Guernsey, an island in the English Channel, was occupied by the Germans during most of World War II. For five years, the islanders lived in fear, danger, and deprivation while they were out of contact with the rest of the world. By the time they were liberated, though abused and starving, the islanders had forged enriching friendships out of their hardship and their need to protect each other.
This novel is a good example of fiction presenting facts in a more effective way than non-fiction can. I was absorbed into the experiences of the characters, and I will remember the historical experience with more than a precise memory of bare facts.
The story is told in a series of letters between a young writer, Juliet Ashton, in 1946 London and her close friends, in addition to the members of the literary society on the island of Guernsey. The letters are witty, charming, engrossing, and satisfying. The story is so well written that it may become one of those durable books that is read year after year and rediscovered by each generation of readers—a book that could become a classic.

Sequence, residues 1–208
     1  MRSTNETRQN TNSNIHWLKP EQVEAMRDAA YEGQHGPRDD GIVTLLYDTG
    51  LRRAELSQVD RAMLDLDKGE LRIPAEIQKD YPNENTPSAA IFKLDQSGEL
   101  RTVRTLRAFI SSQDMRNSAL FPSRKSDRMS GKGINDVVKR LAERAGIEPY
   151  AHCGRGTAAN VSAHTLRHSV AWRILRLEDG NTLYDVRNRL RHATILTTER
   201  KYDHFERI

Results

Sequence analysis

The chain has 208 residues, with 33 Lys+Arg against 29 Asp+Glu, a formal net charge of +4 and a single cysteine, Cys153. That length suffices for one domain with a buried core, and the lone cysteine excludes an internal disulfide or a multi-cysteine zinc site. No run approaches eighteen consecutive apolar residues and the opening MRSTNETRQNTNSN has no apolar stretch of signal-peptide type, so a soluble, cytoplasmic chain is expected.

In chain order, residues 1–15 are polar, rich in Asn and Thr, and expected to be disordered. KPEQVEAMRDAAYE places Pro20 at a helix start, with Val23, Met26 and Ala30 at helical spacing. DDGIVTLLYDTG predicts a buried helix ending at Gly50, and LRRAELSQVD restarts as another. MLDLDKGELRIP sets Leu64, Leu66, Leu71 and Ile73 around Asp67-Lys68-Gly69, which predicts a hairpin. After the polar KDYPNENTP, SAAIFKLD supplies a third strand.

Mary Ann Shaffer researched and wrote this book, then fell ill. Her niece, Annie Barrows, completed the work. It was published several months after Shaffer died, but, through her book, she left an enriching legacy to us all.
(See other reviews of this book, here and here)
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